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The Nation in Depression

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  • Christina D. Romer

Abstract

This paper examines the American Great Depression and the ways in which the U.S. experience during the 1930s resembled that of other countries in some regards and fundamentally differed in other aspects. I also evaluate the evidence on the causes of the Great Depression in the United States and the sources of the eventual recovery. The picture painted of the American Great Depression is one that stresses the importance of national, rather than international, aggregate demand shocks. The experience of the United States during the 1930s differed in important ways from that of other countries because the American experience had many uniquely American roots.

Suggested Citation

  • Christina D. Romer, 1993. "The Nation in Depression," Journal of Economic Perspectives, American Economic Association, vol. 7(2), pages 19-39, Spring.
  • Handle: RePEc:aea:jecper:v:7:y:1993:i:2:p:19-39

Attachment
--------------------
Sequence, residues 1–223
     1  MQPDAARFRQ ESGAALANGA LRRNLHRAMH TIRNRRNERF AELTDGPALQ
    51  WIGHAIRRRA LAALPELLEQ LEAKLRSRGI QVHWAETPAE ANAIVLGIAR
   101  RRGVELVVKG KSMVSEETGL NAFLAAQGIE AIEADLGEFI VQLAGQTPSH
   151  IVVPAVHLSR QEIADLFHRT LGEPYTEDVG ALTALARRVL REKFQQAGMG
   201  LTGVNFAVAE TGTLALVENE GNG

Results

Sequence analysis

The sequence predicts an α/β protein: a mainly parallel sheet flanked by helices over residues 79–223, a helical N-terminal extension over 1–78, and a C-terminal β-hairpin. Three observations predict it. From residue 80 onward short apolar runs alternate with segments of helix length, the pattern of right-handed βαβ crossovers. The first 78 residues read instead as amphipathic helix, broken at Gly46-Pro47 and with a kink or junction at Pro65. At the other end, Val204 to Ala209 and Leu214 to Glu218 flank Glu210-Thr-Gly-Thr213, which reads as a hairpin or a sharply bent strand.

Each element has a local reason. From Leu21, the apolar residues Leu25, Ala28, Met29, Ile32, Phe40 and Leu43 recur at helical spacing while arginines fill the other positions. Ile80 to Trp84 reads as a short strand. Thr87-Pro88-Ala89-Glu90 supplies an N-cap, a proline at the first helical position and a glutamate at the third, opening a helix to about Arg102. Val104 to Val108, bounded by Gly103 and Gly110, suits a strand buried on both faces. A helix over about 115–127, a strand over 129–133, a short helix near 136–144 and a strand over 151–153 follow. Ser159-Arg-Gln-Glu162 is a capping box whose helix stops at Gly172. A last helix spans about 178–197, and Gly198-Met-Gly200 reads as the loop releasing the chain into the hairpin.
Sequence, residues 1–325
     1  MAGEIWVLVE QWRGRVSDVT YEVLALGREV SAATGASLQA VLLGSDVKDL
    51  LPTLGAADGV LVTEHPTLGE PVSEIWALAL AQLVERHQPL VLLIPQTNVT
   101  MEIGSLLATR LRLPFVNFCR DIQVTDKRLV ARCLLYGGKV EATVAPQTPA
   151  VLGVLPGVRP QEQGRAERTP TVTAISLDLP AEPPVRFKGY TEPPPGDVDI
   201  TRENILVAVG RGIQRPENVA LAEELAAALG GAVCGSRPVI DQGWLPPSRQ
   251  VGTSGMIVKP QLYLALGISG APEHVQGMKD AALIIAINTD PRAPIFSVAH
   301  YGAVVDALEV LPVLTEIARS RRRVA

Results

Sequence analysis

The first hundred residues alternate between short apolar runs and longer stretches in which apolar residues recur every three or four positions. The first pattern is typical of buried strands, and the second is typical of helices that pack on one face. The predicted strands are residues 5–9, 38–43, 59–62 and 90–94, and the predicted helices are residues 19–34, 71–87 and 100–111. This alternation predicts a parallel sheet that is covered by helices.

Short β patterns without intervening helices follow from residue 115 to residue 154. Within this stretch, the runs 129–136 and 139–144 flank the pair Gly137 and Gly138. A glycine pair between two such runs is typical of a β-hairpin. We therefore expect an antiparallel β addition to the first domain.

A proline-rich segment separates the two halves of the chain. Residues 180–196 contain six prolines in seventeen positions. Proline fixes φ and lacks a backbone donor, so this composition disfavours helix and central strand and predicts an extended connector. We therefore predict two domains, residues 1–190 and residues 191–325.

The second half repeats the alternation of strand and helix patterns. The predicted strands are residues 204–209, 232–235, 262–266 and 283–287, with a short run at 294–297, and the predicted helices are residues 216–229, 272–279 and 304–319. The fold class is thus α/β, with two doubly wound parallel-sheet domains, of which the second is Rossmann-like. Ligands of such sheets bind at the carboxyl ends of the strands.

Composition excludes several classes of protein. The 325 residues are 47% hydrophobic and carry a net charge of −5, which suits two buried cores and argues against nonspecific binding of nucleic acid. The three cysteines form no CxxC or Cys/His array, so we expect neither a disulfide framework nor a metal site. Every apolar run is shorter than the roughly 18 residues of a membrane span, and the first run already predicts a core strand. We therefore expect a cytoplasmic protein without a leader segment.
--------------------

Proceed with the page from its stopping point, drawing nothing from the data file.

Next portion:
Note: DOI: 10.1257/jep.7.2.19
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    File URL: http://www.aeaweb.org/articles.php?doi=10.1257/jep.7.2.19
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    References listed on IDEAS

    as
    1. Eichengreen, Barry & Sachs, Jeffrey, 1985. "Exchange Rates and Economic Recovery in the 1930s," The Journal of Economic History, Cambridge University Press, vol. 45(4), pages 925-946, December.
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    More about this item

    JEL classification:

    • N12 - Economic History - - Macroeconomics and Monetary Economics; Industrial Structure; Growth; Fluctuations - - - U.S.; Canada: 1913-
    • A13 - General Economics and Teaching - - General Economics - - - Relation of Economics to Social Values
    • E32 - Macroeconomics and Monetary Economics - - Prices, Business Fluctuations, and Cycles - - - Business Fluctuations; Cycles
    • D63 - Microeconomics - - Welfare Economics - - - Equity, Justice, Inequality, and Other Normative Criteria and Measurement

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